Things have changed since 1996, right? Back then, the internet was the World Wide Web, the country only had one Bush president and Facebook wasn’t yet a thought in 12-year-old Mark Zuckerberg’s mind.
President Bill Clinton and Senate Majority Leader Bob Dole were matched up for the country’s last presidential election of the 20th century.
“Laptop computers, cellular phones and digital cameras will be passed around the floor of the Republican National Convention this week to capture delegates’ views and beliefs for instant posting on the party’s World Wide Web site,” Mike Allen wrote on Aug. 12, 1996 for the New York Times.
The parties held their conventions: Republicans in San Diego, Democrats in Chicago. It was the dawn of a new era of political coverage, and a time where many, especially network news outlets, felt the importance of the conventions were diminishing.
NBC and Microsoft launched a new cable news network, MSNBC, in July 1996 to cover the election. (Fox News Channel didn’t debut until October 1996.)
Networks invested into their websites: CBS News’ site carried live audio and video content, ABC News teamed up with The Washington Post and National Journal for Politics Now, NBC News used its MSNBC site to create content exclusively for the web, and CNN and Time Magazine created a special section, All Politics.
Twenty years later, here we are. Another Clinton on the ballot and the media landscape is (still) in flux.
This year’s conventions will feature spotlights from all the major broadcast networks, along with their cable counterparts. At the RNC, Radio Row has been renamed Media Row to include new online entities that no longer neatly fit into the categories of years past. Live streaming is a focal point for many outlets (including this one). There will be Snapchatting, Tweeting, Periscoping, Facebooking, Instagramming – you name it.
While social media is new and the 24-hour news cycle somehow continues to grow, much has stayed the same over the past two decades. Many of the party platforms hit on the same issues – gun control, abortion, immigration, gay rights. Have we mentioned there’s a Clinton on the ballot? The importance of the women’s vote is front and center. And you can bet we’ll see displays of choreographed party unity at both conventions.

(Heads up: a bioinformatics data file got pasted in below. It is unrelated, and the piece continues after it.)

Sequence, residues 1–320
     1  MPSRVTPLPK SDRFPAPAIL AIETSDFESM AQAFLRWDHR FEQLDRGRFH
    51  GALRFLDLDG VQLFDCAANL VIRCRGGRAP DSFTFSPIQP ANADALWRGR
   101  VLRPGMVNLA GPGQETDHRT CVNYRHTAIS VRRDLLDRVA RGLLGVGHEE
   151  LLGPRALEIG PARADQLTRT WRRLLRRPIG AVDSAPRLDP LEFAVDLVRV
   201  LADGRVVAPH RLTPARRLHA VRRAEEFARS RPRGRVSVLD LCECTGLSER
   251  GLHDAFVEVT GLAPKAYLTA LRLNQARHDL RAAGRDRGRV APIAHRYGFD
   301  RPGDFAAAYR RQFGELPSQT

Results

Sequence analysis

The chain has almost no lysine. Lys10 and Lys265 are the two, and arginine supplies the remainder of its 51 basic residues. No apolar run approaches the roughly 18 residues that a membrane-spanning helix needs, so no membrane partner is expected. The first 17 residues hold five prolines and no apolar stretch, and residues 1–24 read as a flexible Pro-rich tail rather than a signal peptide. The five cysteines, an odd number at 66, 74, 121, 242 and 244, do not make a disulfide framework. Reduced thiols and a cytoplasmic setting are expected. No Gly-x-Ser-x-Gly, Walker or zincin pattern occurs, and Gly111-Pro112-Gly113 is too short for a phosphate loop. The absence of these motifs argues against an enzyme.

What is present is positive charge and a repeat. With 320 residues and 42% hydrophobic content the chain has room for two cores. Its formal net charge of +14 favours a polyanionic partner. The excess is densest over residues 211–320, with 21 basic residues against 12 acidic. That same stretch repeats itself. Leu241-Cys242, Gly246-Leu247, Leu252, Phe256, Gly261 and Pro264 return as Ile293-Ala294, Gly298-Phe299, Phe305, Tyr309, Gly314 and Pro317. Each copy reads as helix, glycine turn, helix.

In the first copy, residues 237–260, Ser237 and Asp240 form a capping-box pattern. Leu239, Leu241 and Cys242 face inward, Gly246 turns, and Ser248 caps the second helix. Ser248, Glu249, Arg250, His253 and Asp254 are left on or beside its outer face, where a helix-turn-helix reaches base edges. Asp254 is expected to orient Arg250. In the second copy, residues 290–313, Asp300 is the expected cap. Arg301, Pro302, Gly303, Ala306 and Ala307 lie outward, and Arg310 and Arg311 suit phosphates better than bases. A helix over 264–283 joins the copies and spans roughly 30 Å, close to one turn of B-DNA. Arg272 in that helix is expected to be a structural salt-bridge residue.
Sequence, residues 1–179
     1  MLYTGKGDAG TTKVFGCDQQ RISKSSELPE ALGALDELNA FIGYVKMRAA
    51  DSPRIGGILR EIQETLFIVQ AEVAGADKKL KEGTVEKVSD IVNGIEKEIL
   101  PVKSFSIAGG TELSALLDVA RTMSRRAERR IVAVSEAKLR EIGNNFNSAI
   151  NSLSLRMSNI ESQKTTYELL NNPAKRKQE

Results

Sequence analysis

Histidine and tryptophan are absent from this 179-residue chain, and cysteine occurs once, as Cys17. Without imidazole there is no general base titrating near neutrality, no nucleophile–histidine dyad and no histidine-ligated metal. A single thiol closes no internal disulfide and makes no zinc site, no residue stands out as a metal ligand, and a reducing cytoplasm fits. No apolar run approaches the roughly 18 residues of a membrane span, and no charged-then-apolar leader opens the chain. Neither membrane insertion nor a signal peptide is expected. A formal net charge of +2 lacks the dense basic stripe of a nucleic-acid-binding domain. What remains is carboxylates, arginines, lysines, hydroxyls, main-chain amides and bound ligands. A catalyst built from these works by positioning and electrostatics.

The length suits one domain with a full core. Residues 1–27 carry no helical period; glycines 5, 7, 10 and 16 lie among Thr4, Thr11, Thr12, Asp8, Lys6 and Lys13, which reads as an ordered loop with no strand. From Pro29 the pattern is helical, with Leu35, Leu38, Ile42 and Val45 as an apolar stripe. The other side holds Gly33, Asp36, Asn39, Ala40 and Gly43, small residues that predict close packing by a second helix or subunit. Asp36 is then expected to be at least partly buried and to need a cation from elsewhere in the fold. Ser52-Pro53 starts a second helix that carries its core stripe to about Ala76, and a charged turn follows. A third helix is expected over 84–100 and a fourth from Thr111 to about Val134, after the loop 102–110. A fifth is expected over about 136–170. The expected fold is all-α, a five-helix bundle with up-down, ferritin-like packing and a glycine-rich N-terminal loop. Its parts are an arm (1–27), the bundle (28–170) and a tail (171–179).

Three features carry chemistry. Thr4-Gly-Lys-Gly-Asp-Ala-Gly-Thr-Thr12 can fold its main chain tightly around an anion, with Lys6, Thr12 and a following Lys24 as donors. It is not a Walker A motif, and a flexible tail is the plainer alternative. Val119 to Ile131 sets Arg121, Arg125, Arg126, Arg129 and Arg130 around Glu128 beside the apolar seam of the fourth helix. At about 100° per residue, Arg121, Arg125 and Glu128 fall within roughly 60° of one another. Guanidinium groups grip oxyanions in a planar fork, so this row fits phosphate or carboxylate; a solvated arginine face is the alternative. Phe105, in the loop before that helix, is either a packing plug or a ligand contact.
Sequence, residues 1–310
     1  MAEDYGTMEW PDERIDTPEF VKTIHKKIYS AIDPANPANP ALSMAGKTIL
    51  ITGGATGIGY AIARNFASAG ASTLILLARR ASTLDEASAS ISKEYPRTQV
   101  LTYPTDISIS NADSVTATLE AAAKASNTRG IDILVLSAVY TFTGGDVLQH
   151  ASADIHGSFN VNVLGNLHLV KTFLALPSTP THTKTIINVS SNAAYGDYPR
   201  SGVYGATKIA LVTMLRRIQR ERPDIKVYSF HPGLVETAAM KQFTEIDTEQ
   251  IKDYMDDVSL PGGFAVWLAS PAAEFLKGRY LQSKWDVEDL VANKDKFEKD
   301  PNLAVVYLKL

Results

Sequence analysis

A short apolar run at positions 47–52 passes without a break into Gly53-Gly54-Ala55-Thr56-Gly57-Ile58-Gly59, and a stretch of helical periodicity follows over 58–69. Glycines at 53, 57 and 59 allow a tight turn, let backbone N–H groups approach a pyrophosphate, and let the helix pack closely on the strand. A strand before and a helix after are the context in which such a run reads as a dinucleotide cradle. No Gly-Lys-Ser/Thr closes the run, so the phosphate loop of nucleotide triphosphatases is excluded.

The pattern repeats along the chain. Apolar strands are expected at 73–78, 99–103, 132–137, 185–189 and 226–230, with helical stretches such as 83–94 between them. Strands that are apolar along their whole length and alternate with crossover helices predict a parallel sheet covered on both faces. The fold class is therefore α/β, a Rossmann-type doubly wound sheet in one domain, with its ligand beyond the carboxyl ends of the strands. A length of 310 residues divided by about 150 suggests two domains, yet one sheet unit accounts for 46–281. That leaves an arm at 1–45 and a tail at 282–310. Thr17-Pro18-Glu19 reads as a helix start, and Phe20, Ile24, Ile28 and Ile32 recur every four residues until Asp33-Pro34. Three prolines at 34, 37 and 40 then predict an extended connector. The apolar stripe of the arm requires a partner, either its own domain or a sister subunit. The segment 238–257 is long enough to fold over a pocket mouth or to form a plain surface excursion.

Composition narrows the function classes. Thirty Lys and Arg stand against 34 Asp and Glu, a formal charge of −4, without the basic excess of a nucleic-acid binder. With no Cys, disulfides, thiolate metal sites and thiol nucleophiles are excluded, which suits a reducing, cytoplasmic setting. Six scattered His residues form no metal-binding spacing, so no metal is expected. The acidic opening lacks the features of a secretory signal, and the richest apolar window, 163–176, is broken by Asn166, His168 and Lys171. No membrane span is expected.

“The Republican Party is broad and inclusive.”
Dole formally accepted the Republican Party’s nomination for president on August 15, 1996 at the San Diego Convention Center.
“This is a big night for me, and I’m ready,” Dole told the enthusiastic crowd. “We’re ready to go.”
All three living former Republican presidents offered their support to Dole. Due to his Alzheimer’s disease, Ronald Reagan was unable to attend the convention. First Lady Nancy Reagan spoke on his behalf and a video tribute to the 40th president played in the arena. Gerald Ford and George H. W. Bush praised the presidential hopeful. Bush’s son, Texas Gov. George W. Bush served as the convention co-chairman.
The platform at the convention created a contrast between the Republican party and the policy adopted during Clinton’s first term. In the preamble, the party’s mission clearly stated “the American people want their country back” (sound familiar?). The platform highlighted tax cuts, reducing spending, promoting trade (without the Department of Commerce) and protecting small businesses. It also emphasized the party’s support of the Defense of Marriage Act, as well as the rights of unborn children (in the appendix, the party welcomed individuals on both side of the abortion rights to join them). Themes of changing Washington from the ground up resonated throughout, including calls to modify the federal legal system to prevent overstepping of authority.